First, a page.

This Chinese navy survey vessel entered Japan's territorial waters southwest of Yakushima, Sunday, Feb. 12, 2023.

This Chinese navy survey vessel entered Japan's territorial waters southwest of Yakushima, Sunday, Feb. 12, 2023. (Japan Ministry of Defense)

CAMP FOSTER, Okinawa — Tokyo lodged a diplomatic complaint with Beijing on Sunday after a Chinese navy vessel entered Japan’s territorial waters off the southern tip of its main islands, according to Japanese government statements.

A Shupang-class survey ship crossed the 12-mile territorial limit around Yakushima, an island 40 miles south of Kyushu, the southernmost of Japan’s four main islands, at approximately 2:30 a.m. Sunday, Japan’s Defense Ministry said in a statement that day.

The vessel remained for slightly less than two hours before exiting to the southwest of neighboring Kuchinoerabu island, the statement said.

The survey vessel’s intrusion was the first of the year by the Chinese navy, according to the Ministry of Defense website. Shupang-class survey vessels made five intrusions in 2022, according to the ministry.

Japan’s Foreign Affairs Ministry lodged a complaint with the Chinese Embassy in Japan and with the government in Beijing on Sunday, expressing “strong concern” over the incident, a ministry spokesman told Stars and Stripes by phone Monday.

Some government officials in Japan are required to speak to the media only on condition of anonymity.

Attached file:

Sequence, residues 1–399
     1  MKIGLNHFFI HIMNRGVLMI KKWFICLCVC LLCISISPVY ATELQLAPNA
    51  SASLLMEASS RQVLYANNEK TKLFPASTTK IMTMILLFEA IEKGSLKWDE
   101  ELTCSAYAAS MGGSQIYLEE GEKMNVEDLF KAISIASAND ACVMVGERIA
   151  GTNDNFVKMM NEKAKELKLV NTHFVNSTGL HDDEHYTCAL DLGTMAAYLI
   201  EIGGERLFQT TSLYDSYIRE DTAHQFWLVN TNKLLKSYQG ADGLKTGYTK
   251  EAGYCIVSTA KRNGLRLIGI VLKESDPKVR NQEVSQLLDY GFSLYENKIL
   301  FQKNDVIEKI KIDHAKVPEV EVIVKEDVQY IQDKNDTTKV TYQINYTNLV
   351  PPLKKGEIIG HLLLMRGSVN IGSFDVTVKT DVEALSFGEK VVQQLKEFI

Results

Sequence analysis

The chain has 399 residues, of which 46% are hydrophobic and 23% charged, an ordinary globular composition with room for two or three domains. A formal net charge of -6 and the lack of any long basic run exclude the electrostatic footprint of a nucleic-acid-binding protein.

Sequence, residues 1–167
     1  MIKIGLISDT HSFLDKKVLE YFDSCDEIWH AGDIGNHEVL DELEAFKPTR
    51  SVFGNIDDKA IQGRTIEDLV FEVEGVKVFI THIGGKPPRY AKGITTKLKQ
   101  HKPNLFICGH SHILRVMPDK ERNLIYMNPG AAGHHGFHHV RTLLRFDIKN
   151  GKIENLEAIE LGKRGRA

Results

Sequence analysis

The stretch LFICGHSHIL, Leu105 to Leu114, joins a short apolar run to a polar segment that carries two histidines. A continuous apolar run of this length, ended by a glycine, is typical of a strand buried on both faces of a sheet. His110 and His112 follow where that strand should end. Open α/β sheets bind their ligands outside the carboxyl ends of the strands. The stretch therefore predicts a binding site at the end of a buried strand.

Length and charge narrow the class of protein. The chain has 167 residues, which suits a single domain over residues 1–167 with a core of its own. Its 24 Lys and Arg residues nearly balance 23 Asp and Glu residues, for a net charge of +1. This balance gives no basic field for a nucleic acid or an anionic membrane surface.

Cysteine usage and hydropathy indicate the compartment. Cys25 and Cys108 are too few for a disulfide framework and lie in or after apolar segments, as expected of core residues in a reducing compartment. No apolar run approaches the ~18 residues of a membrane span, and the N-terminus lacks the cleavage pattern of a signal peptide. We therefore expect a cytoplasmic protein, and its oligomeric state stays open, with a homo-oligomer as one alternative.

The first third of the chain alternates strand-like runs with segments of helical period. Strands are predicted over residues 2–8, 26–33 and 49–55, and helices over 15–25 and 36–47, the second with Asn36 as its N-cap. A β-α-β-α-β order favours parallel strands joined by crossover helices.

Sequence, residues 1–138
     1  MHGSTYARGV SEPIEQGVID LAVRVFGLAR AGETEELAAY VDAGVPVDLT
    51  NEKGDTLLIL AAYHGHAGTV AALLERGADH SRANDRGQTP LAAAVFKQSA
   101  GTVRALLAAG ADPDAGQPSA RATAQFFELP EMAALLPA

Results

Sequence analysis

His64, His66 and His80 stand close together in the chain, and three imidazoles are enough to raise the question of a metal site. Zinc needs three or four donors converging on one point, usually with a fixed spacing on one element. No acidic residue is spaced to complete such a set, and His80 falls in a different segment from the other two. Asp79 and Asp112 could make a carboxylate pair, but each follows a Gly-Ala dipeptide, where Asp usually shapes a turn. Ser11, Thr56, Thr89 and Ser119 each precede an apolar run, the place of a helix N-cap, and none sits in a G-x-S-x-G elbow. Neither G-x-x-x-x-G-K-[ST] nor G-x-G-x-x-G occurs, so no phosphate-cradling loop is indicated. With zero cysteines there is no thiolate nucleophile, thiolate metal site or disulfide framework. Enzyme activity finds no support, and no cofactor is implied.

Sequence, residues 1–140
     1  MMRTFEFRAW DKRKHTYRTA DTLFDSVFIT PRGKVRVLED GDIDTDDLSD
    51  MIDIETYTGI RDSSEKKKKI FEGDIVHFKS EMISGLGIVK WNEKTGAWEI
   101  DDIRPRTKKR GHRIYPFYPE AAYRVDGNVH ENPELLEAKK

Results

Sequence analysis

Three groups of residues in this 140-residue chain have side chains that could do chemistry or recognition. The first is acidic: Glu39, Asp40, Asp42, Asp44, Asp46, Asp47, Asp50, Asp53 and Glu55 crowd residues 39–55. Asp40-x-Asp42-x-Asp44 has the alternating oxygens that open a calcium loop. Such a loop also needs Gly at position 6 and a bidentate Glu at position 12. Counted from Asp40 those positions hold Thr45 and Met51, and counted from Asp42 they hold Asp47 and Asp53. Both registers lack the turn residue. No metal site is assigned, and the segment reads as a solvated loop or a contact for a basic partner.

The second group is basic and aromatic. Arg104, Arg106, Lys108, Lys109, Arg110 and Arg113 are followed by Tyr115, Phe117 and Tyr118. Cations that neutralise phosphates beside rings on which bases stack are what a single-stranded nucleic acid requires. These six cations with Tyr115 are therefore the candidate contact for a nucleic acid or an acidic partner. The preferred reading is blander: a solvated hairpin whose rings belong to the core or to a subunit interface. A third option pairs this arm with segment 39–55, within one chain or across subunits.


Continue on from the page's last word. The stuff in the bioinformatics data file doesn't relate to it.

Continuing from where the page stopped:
The vessel’s intent was unclear, but Japanese authorities were concerned that China has stepped up military activities in the region, Japan’s Chief Cabinet Secretary Hirokazu Matsuno said Monday.

“We will keep paying close attention to the sailing of Chinese navy vessels in our waters and take all the possible measures to conduct vigilant surveillance in the surroundings of our country,” Matsuno said at a press conference in Tokyo, according to a video clip uploaded to Prime Minister Fumio Kishida’s website.

Japan’s Maritime Self-Defense Force spotted the survey vessel south of Yakushima in the country’s contiguous waters, a maritime zone that extends 12 nautical miles beyond the territorial limit, around 12:50 a.m. Sunday, according to the ministry statement.

The vessel then entered Japan’s territorial waters southwest of Yakushima, the ministry said. A P-1 maritime patrol aircraft from Fleet Air Wing 1 at Kanoya Air Base, a P-3C surveillance plane from Fleet Air Wing 5 at Naha and the JS Shirataka, a guided-missile destroyer from Sasebo Naval Base, tracked the Chinese vessel.

Even warships of one country are permitted “innocent passage” through another country’s territorial waters under the U.N. Convention on the Law of the Sea. The convention spells out exceptions to the rule.

The Chinese vessel exited Japan’s territorial waters southwest of neighboring Kuchinoerabu at 4:10 a.m., according to the ministry. Kuchinoerabu is less than 10 miles northwest of Yakushima.

The incident comes amid the fallout from the U.S. shooting down a suspected Chinese spy balloon over the Atlantic on Feb. 4, leading to a series of diplomatic snubs and charged rhetoric by both countries.

The USS Nimitz Carrier Strike Group and the 13th Marine Expeditionary Unit took part in “integrated expeditionary strike force operations” over the weekend in the South China Sea, a 7th Fleet statement said Sunday.

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Keishi Koja is an Okinawa-based reporter/translator who joined Stars and Stripes in August 2022. He studied International Communication at the University of Okinawa and previously worked in education.
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Matthew M. Burke has been reporting from Okinawa for Stars and Stripes since 2014. The Massachusetts native and UMass Amherst alumnus previously covered Sasebo Naval Base and Marine Corps Air Station Iwakuni, Japan, for the newspaper. His work has also appeared in the Boston Globe, Cape Cod Times and other publications.

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